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Patton Boggs's Fight Against Chevron Continues

Indigenous locals near a pool of oil in Ecuador's Amazonian region

Photograph by Dolores Ochoa/AP Photo

Indigenous locals near a pool of oil in Ecuador's Amazonian region

(Corrects headline to reflect duration of Patton Boggs involvement)

Accused of outright fraud in its pursuit of a massive pollution case against Chevron (CVX), the law firm Patton Boggs has embraced the jurisprudence of Tom Petty: It won’t back down.

This defiant stance distinguishes Patton Boggs from some of its former allies, who in recent weeks have abandoned the fight against the oil company.

In past dispatches, I’ve chronicled how the battle over who’s responsible for cleaning up a Rhode Island-sized swath of the rain forest in Ecuador has become a legal bloodbath spanning two decades of proceedings in five countries (Ecuador, U.S., Canada, Argentina, and Brazil). In February 2011, poor Ecuadorian farmers and indigenous Indians represented by American lawyers won a verdict against Chevron now valued at more than $19 billion. The U.S.-based multinational contends, however, that the judgment stems from an extortionate conspiracy and refuses to pay. Instead, it has launched a vigorous legal counterattack against the lawyers representing the plaintiffs—including Patton Boggs.

The oil company’s main law firm, Gibson Dunn & Crutcher, filed papers in federal court in New York on May 10 formally accusing Patton Boggs of helping to engineer and cover up the “ghostwriting” of the February 2011 judgment, among many other misdeeds. Chevron seeks unspecified compensatory and punitive damages from Patton Boggs.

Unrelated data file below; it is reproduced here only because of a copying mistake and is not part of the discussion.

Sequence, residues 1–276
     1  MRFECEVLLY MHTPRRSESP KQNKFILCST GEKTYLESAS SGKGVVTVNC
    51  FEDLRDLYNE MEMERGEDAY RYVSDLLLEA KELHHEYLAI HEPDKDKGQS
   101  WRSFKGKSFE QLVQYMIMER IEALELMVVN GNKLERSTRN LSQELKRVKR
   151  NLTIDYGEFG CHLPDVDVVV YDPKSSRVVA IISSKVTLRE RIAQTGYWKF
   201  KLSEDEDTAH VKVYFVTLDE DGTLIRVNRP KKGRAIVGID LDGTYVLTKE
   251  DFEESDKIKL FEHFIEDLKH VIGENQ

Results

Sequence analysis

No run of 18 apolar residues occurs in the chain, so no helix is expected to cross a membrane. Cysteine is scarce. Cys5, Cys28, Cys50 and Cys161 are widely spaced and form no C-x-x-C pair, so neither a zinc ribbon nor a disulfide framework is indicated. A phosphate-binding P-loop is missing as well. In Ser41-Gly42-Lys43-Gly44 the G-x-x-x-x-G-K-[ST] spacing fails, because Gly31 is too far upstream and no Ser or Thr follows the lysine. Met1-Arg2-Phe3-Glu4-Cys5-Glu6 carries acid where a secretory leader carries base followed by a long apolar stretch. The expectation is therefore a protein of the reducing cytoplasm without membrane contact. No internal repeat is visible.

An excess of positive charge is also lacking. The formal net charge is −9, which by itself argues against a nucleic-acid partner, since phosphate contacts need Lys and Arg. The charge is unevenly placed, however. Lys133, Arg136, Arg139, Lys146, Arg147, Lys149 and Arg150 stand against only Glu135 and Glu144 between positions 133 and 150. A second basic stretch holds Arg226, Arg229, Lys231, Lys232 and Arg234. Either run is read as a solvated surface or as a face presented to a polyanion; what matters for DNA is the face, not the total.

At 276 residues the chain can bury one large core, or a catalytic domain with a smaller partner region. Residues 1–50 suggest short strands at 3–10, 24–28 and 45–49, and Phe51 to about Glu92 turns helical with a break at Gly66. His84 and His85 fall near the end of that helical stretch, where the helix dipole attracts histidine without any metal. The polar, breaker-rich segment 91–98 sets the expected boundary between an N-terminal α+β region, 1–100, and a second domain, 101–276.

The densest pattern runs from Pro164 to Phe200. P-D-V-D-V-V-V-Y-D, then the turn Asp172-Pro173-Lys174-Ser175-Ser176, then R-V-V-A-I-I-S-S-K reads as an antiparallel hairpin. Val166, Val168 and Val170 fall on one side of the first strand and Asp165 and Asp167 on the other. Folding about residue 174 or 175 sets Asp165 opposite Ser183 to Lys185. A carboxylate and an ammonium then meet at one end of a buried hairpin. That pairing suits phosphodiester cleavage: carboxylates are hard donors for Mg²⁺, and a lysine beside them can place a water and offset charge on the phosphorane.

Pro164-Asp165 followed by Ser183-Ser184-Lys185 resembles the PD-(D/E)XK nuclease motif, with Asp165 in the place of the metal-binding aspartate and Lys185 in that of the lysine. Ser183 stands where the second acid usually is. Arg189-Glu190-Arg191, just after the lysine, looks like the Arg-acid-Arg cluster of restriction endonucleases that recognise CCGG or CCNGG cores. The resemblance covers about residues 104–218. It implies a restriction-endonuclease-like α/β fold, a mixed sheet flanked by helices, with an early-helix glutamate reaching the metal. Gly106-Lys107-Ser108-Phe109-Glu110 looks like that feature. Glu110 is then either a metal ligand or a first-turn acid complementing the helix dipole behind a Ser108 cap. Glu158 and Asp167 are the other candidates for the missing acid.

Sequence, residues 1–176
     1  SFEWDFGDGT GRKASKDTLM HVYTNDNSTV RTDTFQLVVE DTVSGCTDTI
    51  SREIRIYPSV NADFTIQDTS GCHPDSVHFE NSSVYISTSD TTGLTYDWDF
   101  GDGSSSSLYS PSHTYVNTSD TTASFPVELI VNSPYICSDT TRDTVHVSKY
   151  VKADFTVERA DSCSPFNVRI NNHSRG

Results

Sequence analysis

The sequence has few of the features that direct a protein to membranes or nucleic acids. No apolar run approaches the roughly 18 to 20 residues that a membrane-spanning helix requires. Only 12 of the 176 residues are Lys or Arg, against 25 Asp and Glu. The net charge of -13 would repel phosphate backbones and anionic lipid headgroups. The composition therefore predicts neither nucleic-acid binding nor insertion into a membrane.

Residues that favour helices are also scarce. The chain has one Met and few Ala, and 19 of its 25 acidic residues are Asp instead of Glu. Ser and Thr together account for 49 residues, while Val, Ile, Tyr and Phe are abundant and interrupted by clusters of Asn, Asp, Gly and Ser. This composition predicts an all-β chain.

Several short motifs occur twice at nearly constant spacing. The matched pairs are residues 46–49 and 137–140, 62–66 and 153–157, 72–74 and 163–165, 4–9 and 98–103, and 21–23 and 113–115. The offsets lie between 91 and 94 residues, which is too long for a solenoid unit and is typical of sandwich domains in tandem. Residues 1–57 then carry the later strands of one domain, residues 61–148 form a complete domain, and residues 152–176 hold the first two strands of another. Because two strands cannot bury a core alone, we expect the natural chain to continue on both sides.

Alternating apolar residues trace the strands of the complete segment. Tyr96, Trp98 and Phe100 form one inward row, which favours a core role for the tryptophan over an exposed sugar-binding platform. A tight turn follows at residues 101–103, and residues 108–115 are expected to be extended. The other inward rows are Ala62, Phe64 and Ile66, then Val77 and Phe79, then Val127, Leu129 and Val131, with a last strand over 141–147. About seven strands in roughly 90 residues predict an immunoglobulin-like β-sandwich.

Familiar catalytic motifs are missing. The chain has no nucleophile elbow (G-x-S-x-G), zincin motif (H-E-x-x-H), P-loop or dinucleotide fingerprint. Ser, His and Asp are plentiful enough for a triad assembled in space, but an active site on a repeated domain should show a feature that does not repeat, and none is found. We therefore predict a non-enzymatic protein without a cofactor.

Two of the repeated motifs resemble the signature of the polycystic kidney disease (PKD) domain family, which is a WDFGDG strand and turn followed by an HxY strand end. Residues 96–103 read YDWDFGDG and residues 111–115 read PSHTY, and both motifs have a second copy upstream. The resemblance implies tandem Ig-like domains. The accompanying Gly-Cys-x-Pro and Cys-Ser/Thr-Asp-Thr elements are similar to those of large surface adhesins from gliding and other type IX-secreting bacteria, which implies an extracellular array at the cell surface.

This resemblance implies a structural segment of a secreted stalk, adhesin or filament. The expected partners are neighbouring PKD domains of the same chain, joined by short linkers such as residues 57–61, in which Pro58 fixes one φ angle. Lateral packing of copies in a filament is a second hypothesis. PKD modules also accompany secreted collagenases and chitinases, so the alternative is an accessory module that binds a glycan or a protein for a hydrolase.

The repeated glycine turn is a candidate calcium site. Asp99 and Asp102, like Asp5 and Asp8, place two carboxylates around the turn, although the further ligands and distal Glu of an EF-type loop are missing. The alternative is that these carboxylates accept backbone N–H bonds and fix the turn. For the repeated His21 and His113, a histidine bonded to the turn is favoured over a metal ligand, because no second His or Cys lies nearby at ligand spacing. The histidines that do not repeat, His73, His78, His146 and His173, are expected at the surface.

Patton Boggs, a Washington-based firm that specializes in trade relations and lobbying, is not used to being publicly accused of deceit by a firm such as Gibson Dunn, a fellow member of the elite corporate legal fraternity. On Monday it fired back in a statement:

Chevron’s proposed complaint against Patton Boggs is perhaps the starkest example yet of how Chevron will use its limitless resources to intimidate and harass anyone that dares to help the Ecuadorian plaintiffs in their 20-year battle for justice. This cynical strategy will not work.  We are proud that we have helped the indigenous and farming communities that have been so adversely impacted by Chevron’s actions. Patton Boggs has acted conscientiously, ethically and in good faith at all times since becoming involved in this case in 2010, and will not be intimidated by Chevron’s scare tactics. We will continue to zealously represent our clients and will not stand by idly and allow Chevron to disrupt our work and tarnish our reputation.

In contrast to Patton Boggs’s tough stand, other attorneys on the plaintiffs’ side have recently run up the white flag of surrender, complaining that they haven’t been paid in months and are no longer willing to endure what they describe as Chevron’s no-holds-barred litigation style. One of the departing lawyers, John Keker, a noted white-collar defense attorney who represented Steven Donziger, the lead American plaintiffs’ lawyer, said the pollution case “has degenerated into a Dickensian farce.”

That’s probably the one thing that everyone involved in the debacle can agree on.

Barrett is an assistant managing editor and senior writer at Bloomberg Businessweek. His new book, Law of the Jungle, tells the story of the Chevron oil pollution case in Ecuador.

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